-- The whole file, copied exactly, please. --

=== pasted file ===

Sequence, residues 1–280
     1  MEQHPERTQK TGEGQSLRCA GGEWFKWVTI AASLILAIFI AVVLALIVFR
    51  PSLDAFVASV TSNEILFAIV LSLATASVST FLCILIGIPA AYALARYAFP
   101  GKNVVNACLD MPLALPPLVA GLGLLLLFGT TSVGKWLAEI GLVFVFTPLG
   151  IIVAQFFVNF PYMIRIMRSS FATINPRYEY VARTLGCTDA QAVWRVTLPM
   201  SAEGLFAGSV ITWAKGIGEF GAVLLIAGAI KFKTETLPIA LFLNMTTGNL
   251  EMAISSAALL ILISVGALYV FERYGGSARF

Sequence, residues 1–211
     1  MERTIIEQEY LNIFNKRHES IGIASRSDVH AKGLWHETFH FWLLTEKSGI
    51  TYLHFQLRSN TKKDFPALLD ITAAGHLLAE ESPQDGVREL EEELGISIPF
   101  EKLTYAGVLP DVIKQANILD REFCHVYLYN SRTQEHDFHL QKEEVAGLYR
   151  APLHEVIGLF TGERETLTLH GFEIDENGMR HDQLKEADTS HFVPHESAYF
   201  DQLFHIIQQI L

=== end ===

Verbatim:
Sequence, residues 1–280
     1  MEQHPERTQK TGEGQSLRCA GGEWFKWVTI AASLILAIFI AVVLALIVFR
    51  PSLDAFVASV TSNEILFAIV LSLATASVST FLCILIGIPA AYALARYAFP
   101  GKNVVNACLD MPLALPPLVA GLGLLLLFGT TSVGKWLAEI GLVFVFTPLG
   151  IIVAQFFVNF PYMIRIMRSS FATINPRYEY VARTLGCTDA QAVWRVTLPM
   201  SAEGLFAGSV ITWAKGIGEF GAVLLIAGAI KFKTETLPIA LFLNMTTGNL
   251  EMAISSAALL ILISVGALYV FERYGGSARF

Sequence, residues 1–211
     1  MERTIIEQEY LNIFNKRHES IGIASRSDVH AKGLWHETFH FWLLTEKSGI
    51  TYLHFQLRSN TKKDFPALLD ITAAGHLLAE ESPQDGVREL EEELGISIPF
   101  EKLTYAGVLP DVIKQANILD REFCHVYLYN SRTQEHDFHL QKEEVAGLYR
   151  APLHEVIGLF TGERETLTLH GFEIDENGMR HDQLKEADTS HFVPHESAYF
   201  DQLFHIIQQI L